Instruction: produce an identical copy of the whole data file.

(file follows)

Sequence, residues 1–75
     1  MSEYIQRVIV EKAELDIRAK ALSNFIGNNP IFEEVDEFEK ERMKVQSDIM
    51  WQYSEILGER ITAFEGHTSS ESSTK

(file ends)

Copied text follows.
Sequence, residues 1–75
     1  MSEYIQRVIV EKAELDIRAK ALSNFIGNNP IFEEVDEFEK ERMKVQSDIM
    51  WQYSEILGER ITAFEGHTSS ESSTK